Novel therapy success for ‘untreatable’ P. aeruginosa in CF lung transplant patient

Cystic fibrosis

By Michael Woodhead

18 Feb 2020

Mr Trieger with partner Elizabeth Bawden (L) and Dr Timothy Wells (R)

Doctors in Queensland have successfully treated a life-threatening P. aeruginosa infection in a post–lung transplant patient with cystic fibrosis by using used plasmapheresis to eliminate inhibitory IgG2 antibodies that were blocking the effects of antibiotics.

The 33-year old man Jordan Trieger had developed pulmonary, pleural, and soft tissue P. aeruginosa infection after undergoing bilateral sequential lung transplantation at The Prince Charles Hospital.

The infection persisted despite surgical drainage and long term treatment with multiple recommended antibiotics.

His treating doctors recognised the situation as similar to some patients with non-CF bronchiectasis who are chronically colonised with P. aeruginosa. These patients have high titres of IgG2 antibodies specific for the O-antigen of lipopolysaccharides (LPSs), which rather than having a bactericidal effect, impair serum-mediated killing of the infecting P. aeruginosa.

“In Jordan’s case, the bacteria was resistant to all forms of conventional therapy we were trying, and he was rapidly deteriorating, so I knew we needed a different treatment option fast,” said Professor Dan Chambers, Queensland Lung Transplant Service’s Head of Research.

Working with researchers at UQ’s Diamantina Institute, they identified that Jordan had P. aeruginosa infection that expressed O-antigen of LPSs and serum containing high titres of the inhibitory IgG2.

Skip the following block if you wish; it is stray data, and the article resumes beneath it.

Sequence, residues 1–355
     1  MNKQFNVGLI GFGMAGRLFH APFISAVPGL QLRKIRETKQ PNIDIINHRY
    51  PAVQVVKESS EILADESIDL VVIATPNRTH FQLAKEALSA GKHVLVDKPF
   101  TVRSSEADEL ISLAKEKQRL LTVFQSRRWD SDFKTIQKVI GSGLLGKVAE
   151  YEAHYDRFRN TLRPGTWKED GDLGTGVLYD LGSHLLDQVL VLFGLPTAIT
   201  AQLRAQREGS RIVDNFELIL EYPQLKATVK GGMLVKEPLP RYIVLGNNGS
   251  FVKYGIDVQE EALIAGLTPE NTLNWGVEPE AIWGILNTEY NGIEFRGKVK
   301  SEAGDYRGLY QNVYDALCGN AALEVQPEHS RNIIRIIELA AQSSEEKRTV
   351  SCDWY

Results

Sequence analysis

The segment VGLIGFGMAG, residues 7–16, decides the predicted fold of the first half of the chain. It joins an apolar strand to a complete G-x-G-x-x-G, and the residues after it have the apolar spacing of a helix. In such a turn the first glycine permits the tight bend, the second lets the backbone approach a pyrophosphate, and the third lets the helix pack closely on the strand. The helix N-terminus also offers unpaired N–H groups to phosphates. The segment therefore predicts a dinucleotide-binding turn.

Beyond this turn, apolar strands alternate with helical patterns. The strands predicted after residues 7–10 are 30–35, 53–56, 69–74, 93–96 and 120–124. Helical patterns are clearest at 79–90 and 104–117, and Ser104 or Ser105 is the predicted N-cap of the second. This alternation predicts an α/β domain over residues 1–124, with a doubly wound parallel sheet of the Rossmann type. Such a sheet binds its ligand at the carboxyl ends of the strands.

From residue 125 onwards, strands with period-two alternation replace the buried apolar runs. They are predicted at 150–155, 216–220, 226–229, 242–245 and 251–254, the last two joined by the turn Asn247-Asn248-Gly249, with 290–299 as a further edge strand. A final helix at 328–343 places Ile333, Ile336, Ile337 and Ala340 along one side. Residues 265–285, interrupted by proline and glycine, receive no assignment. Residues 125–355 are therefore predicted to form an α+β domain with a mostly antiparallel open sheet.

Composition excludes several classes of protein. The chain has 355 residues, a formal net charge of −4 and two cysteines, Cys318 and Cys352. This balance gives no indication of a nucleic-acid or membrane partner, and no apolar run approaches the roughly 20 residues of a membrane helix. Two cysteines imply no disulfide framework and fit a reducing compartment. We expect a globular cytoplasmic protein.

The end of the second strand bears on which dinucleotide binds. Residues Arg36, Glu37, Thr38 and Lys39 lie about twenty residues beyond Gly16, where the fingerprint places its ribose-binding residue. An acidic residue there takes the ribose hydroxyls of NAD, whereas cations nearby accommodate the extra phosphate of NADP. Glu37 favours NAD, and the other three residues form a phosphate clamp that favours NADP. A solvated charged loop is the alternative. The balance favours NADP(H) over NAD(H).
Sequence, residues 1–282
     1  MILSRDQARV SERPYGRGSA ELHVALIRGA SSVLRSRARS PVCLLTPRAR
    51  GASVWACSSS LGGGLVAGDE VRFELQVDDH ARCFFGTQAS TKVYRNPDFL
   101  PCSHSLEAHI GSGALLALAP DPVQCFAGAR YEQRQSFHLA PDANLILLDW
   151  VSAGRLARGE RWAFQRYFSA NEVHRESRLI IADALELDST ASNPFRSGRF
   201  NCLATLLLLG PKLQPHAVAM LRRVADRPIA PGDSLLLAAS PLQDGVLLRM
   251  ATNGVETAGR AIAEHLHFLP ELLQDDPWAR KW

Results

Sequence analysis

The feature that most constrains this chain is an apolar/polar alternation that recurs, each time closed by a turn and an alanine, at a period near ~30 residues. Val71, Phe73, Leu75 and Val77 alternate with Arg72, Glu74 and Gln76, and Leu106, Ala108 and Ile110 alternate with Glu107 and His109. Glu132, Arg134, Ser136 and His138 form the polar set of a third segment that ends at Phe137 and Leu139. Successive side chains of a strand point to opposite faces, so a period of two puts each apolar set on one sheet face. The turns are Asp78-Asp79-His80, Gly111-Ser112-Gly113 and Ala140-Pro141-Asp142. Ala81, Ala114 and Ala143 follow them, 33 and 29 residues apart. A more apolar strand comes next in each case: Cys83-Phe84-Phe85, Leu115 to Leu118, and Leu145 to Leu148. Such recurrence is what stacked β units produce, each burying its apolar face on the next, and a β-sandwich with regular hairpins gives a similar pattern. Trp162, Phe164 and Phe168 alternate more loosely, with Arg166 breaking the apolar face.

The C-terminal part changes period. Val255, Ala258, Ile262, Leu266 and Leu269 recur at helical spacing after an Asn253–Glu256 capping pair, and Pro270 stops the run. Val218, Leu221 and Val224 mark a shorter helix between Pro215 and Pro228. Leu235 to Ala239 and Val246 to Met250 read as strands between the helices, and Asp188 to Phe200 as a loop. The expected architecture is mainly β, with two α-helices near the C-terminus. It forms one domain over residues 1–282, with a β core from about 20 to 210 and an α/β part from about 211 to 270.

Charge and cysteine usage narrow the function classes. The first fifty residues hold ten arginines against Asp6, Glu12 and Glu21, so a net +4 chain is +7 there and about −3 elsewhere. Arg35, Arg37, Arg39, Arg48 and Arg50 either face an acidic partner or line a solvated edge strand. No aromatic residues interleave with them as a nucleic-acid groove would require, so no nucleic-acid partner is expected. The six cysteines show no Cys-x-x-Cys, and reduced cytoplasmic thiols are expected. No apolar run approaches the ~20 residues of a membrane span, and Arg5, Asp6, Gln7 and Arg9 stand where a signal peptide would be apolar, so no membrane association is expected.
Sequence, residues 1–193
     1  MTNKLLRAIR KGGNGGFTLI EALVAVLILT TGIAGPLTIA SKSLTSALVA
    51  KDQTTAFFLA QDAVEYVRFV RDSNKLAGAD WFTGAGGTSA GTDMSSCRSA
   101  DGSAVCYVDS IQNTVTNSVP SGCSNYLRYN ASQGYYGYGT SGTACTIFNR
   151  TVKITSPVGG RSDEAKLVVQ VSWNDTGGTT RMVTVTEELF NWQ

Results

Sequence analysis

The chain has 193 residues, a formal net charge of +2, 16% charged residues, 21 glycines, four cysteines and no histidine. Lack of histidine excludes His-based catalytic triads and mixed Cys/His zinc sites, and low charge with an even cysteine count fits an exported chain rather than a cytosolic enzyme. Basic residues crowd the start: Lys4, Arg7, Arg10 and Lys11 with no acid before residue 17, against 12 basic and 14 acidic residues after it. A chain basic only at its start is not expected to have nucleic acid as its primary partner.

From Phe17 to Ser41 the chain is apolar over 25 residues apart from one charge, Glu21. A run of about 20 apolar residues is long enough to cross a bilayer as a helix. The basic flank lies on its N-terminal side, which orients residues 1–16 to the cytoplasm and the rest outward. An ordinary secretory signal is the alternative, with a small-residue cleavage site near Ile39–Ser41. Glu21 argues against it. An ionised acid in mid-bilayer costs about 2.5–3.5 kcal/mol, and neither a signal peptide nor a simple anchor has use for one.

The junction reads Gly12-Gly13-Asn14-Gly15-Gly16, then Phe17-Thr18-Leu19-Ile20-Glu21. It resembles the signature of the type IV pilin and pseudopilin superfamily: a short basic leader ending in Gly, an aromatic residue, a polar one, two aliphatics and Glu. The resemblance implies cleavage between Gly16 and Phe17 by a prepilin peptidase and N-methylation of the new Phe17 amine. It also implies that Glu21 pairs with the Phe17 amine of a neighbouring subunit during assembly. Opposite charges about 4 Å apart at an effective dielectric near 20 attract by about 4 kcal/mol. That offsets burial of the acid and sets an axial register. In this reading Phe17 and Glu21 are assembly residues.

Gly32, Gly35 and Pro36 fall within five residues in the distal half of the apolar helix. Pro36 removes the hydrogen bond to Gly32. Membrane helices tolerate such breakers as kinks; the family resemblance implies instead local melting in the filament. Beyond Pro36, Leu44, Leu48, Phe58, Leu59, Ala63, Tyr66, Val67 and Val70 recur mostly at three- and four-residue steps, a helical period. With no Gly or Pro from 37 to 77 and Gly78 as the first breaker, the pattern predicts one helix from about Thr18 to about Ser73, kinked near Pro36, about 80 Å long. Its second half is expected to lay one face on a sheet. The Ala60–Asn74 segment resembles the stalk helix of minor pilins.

They also noted that pooled healthy control serum was able to kill all P. aeruginosa isolates from the patient.

They then treated him with five cycles of plasmapheresis followed by a single dose of IV immunoglobulin, and IV ceftazidime was continued for six weeks. Post-plasmapheresis, inhibitory antibody levels halved and serum no longer protected P. aeruginosa from HCS killing.

“The patient recovered with no further infective complications and excellent allograft function (FEV1 3.4 litres; 73% of predicted value),” they wrote in the Journal of Heart and Lung Transplantation.

“Similar inhibitory antibodies have been found in a range of gram-negative infections, suggesting that analogous mechanisms may apply to other problematic post-transplant gram-negative infections, including those caused by Burkholderia species,” they added.

Professor Chambers said the discovery was likely to have broader implications for managing serious and life-threatening infections in many other transplant patients.

“Jordan’s remarkable recovery gives hope to those living with cystic fibrosis and other chronic lung diseases,” he said

UQ Diamantina Institute researcher Dr Timothy Wells said the inhibitory antibodies found in Jordan’s case could be present in up to 40% of patients with the worst type of superbug infections.

“Fortunately, our research allowed us to identify this, with this innovative treatment now providing scope for other patients including those who may have been too sick to undergo a lung transplant before,” he said.

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